Crackers With Holes In Them & René Clair's I Married A WitchSunday, January 05, 2014
When you are retired, the week, as in a seven day week, slowly but surely leaks into irrelevance.
I can recognize the order of the week sometimes because of some patterns that are left. There is no Vancouver Sun outside the door. I know it’s Sunday or one of many (as in many) days when the paper does not publish. I know it is Saturday night when around 9pm I hear a very loud bang outside my door. I know that is Sunday’s NY Times being delivered.
But the most important day of the week, Saturday is always a day that Rosemary savour in anticipation. Not too long ago it marked the afternoon and evening of a visit and dinner by the Stewart family. Of late that Saturday has been diminished by the fact that one of the Stewarts, our older granddaughter Rebecca, 16, is holding a job that day. This means that we get her sister Lauren early afternoon (when her father Bruce goes to work) and by 7 in the evening, mother and daughter, Rosemary and I sit for dinner and usually a film after.
This Saturday, yesterday, was a funny and memorable Saturday. When Lauren arrived at 2 she had a peculiar question for me, “Papi, do you remember those crackers with holes in them?” Indeed I did but I could not fathom the reason for the question. I answered with a curt, “Yes,” and that was the end of it.
I then told Lauren that I had found the 2002 The Very Muppet Christmas Movie for $2.50 at a bin at the Canadian Superstore. I put it into the DVD player and we watched it. I can report here that the film is excellent particularly in its connection with It’s a Wonderful Life. I told Lauren that she could take the film home and we can perhaps make it a Christmas tradition every year alongside our favourite Christmas album, John Denver – The Muppets – A Christmas Together. The music album began as a tradition when my two daughters were teenagers.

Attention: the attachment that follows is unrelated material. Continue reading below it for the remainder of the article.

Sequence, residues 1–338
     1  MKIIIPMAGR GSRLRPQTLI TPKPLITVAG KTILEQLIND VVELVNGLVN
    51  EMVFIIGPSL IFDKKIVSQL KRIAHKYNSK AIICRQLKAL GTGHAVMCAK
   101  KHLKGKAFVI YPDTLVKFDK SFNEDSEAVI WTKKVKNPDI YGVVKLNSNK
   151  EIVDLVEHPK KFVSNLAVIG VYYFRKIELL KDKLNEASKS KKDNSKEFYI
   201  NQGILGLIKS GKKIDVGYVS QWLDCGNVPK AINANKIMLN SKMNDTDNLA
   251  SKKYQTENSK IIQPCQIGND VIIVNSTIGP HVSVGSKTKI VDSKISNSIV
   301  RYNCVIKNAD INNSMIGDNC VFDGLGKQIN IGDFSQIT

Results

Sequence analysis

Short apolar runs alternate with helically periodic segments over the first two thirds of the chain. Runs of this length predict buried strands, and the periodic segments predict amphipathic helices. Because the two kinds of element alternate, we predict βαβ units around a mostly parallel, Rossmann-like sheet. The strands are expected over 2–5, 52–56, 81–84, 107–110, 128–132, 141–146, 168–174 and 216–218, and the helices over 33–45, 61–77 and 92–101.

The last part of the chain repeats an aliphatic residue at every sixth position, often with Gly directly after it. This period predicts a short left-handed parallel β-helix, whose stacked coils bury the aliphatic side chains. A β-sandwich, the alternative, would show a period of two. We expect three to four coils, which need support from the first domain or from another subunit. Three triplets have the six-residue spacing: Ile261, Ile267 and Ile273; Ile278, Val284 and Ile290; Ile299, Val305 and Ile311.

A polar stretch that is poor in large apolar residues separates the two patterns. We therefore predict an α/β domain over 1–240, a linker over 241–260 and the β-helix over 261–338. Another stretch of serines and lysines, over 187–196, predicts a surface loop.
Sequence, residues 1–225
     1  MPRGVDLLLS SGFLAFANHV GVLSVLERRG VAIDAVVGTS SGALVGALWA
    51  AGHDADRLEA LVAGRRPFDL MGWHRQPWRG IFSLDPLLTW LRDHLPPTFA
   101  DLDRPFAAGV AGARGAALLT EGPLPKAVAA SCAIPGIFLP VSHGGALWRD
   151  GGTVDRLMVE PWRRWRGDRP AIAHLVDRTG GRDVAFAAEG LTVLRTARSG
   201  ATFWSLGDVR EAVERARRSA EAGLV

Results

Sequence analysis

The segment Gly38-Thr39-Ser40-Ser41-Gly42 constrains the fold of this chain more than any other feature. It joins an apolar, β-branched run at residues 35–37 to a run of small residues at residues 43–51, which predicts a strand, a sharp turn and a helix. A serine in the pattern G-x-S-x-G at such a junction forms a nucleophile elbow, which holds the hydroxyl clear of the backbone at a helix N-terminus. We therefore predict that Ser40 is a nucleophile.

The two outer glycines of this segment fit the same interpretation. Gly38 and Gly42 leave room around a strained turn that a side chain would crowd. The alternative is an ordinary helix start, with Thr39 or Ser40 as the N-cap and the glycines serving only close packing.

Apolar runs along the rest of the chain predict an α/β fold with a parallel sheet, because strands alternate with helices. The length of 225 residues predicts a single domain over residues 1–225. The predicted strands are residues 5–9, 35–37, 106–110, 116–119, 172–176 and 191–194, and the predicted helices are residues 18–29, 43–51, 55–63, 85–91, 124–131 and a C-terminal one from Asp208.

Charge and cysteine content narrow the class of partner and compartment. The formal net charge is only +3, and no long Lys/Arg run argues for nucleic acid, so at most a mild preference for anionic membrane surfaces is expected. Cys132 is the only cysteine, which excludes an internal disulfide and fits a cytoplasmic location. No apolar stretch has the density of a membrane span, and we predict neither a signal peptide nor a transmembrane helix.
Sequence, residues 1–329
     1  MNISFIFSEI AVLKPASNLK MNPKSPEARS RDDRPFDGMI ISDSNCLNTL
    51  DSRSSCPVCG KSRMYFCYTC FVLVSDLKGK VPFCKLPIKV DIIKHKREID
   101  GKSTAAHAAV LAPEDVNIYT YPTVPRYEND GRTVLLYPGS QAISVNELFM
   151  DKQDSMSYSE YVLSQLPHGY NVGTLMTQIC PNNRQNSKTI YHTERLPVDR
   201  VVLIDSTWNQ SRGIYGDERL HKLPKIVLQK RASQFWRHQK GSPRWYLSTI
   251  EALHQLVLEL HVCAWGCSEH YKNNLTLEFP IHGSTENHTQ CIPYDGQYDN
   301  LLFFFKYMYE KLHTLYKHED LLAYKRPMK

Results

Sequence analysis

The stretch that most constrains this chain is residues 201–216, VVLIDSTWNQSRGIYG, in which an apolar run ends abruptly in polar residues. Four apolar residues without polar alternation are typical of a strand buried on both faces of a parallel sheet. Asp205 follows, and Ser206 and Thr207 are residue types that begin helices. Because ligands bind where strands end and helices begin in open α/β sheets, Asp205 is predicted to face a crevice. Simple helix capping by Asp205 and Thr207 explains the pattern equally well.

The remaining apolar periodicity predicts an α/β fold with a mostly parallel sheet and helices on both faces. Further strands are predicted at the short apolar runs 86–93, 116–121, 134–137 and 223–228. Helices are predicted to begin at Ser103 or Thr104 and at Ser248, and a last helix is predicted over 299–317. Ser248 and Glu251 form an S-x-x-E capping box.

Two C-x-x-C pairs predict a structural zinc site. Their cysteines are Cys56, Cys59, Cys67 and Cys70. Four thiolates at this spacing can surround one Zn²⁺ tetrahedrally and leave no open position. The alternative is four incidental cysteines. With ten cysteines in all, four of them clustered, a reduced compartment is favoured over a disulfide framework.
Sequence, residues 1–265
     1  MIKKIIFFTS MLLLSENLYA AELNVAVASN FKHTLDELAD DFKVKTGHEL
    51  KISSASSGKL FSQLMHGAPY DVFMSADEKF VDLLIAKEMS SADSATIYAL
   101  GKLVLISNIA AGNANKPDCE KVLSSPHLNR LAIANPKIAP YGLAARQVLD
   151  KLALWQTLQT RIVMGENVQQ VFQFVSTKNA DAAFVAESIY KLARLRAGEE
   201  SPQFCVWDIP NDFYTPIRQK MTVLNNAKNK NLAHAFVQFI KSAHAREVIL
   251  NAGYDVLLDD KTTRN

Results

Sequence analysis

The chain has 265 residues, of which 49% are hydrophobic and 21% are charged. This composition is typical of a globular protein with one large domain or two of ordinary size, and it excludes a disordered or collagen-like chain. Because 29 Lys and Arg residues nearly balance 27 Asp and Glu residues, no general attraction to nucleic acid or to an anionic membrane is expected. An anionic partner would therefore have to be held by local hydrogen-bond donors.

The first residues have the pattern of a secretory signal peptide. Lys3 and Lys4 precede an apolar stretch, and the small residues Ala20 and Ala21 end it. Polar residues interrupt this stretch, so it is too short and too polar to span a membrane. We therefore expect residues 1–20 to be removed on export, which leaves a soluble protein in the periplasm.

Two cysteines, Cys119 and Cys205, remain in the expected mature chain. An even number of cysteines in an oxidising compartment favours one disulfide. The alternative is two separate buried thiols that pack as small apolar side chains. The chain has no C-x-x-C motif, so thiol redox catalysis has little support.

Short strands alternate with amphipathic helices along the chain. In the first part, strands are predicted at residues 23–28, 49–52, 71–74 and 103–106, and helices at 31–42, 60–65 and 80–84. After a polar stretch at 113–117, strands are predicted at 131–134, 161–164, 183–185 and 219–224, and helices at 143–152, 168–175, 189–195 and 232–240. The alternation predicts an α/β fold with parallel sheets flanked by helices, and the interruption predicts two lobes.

For dinner I prepared a variation of Len Deighton’s Cookbook recipe of his French onion soup, this time by using red onions. A recent NY Times recipe for the soup suggested that a shot of brandy would help. I emptied what was left of my Calvados when the onions were frying in butter. Lauren who refuses to eat raw onions considers my onion soup to be the best soup she has ever had.
For dessert I tried my mother’s The Joy of Cooking recipe for baked apples. With whipped cream they were a success.
Our film was a beautifully restored (The Criterion Collection) I Married a Witch, directed by Frenchman René Clair in 1942. It stars Frederick March, Veronica Lake and as a very bitchy second fiddle, Susan Hayward. For reasons that escape me all of the 14 copies at the Vancouver Public Library were out so thankfully I had Limelight Video on Alma and Broadway as an excellent Plan B.
We had a surprise for Hilary Stewart, our daughter and Lauren’s mother. In the picture you see here both mother and daughter are about the same age. Perhaps Hilary was a year older. You can clearly see that Hilary is eating those crackers with holes in them. Of course they are Swiss Cheese Crackers.
I took the two girls and drove back home with a smile on my face.